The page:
Far from trying to rescue the struggling privatised probation companies, the government should let them fail, Richard Garside argues
UK Justice Policy Review
Far too many vulnerable people are being drawn into the justice system, the Northern Ireland Justice Minister, Claire Sugden, told our conference on the UK justice systems on Wednesday.
We have published the agenda for our forthcoming conference, 'Criminal Justice since 2015: What happened? What next?', which will be held on Wednesday 19 October.
The Northern Ireland Justice Minister, Claire Sugden MLA, and the former Scottish Justice Secretary, Kenny MacAskill, head a strong line-up of speakers.
Check out the agenda and book your place (if you haven't already done so) here.
We are today announcing the full line-up of speakers for our not-to-missed conference: 'Criminal Justice since 2015: What happened? What next?'.
During the course of the day, an excellent line-up of speakers will shed light on criminal justice developments across England, Scotland, Wales and Northern Ireland and offer insights into what the future holds:
The right to impose short prison sentences in Scotland needs to be curtailed, Kenny MacAskill argues
In a wide-ranging speech earlier this week, the Justice Minister for Northern Ireland, David Ford MLA, argued that many of the problems faced by those in the prison system – mental health, educational difficulties and addiction issues – 'are not criminal justice issues... they are matters of social justice'.
Criminal justice agencies across the UK face a perfect storm of growing demand and shrinking budgets by the time of the next General Election, according to new analysis by the Centre for Crime and Justice Studies.
A rising prison population – set to top 100,000 by 2020 – and inadequate legal aid funding are just two of the threats facing the delivery of justice across the UK, the Centre reports.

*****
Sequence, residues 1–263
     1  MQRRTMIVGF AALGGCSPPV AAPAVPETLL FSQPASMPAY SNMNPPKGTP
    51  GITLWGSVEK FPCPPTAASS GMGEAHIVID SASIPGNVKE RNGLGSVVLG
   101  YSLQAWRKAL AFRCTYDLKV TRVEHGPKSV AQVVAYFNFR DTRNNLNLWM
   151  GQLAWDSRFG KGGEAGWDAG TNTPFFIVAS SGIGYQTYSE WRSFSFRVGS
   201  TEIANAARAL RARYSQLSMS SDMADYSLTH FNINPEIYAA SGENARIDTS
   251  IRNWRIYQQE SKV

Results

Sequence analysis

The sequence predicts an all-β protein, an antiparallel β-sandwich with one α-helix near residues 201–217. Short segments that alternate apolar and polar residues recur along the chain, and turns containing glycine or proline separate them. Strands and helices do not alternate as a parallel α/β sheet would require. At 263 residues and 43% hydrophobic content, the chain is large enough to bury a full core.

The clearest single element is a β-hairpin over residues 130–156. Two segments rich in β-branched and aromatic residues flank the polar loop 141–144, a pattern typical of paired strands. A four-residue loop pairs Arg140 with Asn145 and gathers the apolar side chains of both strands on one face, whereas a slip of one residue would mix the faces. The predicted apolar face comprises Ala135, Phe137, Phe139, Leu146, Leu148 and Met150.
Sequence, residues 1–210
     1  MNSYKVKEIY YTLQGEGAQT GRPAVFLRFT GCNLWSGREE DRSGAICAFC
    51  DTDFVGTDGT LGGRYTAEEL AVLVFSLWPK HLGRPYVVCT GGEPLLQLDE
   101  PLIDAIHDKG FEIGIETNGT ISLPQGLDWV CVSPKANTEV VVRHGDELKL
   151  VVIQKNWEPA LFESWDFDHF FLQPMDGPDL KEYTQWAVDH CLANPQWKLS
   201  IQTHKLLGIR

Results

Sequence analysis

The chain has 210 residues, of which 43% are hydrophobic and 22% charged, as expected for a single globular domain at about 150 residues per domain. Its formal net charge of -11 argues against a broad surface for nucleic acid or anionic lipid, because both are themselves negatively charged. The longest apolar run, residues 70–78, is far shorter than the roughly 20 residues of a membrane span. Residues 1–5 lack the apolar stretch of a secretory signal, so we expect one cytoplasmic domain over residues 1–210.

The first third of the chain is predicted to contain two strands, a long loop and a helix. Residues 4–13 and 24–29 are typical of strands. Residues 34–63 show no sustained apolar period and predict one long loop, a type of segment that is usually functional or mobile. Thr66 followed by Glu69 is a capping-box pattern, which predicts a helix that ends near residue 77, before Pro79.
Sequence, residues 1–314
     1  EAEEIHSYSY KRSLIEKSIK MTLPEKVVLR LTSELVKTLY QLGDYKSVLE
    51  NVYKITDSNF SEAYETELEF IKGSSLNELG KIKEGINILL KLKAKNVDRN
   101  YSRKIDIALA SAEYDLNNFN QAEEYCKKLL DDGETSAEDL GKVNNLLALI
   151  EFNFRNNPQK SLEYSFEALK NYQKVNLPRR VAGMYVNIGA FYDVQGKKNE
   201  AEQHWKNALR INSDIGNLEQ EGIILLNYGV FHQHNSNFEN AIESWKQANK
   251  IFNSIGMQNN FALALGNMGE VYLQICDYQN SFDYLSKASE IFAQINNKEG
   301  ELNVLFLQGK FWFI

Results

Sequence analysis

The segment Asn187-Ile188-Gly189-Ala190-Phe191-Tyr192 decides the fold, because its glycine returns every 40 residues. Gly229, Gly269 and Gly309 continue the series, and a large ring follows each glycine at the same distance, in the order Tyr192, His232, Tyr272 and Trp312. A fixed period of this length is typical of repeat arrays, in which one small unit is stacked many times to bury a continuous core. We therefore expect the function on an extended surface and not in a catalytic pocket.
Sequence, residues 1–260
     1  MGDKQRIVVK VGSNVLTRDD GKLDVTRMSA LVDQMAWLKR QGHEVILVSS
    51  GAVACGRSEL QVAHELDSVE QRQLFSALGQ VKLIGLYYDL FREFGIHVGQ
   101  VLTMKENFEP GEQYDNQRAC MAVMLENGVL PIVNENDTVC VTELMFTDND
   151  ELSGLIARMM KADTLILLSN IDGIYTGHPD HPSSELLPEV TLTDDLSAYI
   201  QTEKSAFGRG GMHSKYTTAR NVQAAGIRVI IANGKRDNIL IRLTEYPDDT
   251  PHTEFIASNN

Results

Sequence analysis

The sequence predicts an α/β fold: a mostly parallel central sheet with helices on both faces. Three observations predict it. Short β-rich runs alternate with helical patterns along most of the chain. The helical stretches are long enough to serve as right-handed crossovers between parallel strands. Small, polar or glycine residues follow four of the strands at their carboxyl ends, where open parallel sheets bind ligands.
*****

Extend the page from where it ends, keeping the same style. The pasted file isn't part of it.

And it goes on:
The fifth in an annual series by the Centre for Crime and Justice Studies, supported by The Hadley Trust, assessing year-on-year developments in criminal justice and social welfare across the UK.
Combining analysis of the main developments with key data on issues such as spending, staffing and the numbers going through the criminal justice system, UK Justice Policy Review offers an accessible overview of UK-wide developments.
This edition of UKJPR covers the final year of coalition government and the transition to the new Conservative administration.
The Centre for Crime and Justice Studies has responded to the latest speech from the Prime Minister, David Cameron, on plans to reform the prison system;
Richard Garside, Director of the Centre for Crime and Justice Studies, said:
The outgoing Chief Inspector of Prisons, Nick Hardwick, has told The Guardian that former Justice Secretary, Chris Grayling, tried to prevent him from publishing criticisms of government policies. The Chief Inspector of Prisons' Annual Report 2013-14 blamed a surge in self-inflicted deaths, suicides and assaults in prisons on policies and decisions made by the Ministry of Justice.